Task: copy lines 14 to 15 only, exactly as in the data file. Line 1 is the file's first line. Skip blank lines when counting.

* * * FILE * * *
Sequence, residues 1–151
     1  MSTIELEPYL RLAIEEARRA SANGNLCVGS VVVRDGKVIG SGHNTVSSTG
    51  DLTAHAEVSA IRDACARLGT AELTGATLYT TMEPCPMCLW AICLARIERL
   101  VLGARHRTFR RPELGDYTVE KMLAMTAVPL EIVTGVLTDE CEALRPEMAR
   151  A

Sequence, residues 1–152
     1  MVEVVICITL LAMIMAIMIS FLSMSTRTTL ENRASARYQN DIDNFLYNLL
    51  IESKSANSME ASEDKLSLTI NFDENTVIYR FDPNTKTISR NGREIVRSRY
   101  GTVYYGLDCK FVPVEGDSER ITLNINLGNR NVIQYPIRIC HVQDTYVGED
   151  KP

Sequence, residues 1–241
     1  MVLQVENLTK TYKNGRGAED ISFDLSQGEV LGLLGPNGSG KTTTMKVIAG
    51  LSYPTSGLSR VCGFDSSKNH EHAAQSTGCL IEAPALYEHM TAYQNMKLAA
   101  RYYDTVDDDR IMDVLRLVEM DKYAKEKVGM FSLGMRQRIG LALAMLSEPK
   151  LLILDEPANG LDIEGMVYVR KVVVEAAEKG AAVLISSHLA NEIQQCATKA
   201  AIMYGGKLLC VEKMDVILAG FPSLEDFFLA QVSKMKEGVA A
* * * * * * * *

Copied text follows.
   101  RYYDTVDDDR IMDVLRLVEM DKYAKEKVGM FSLGMRQRIG LALAMLSEPK
   151  LLILDEPANG LDIEGMVYVR KVVVEAAEKG AAVLISSHLA NEIQQCATKA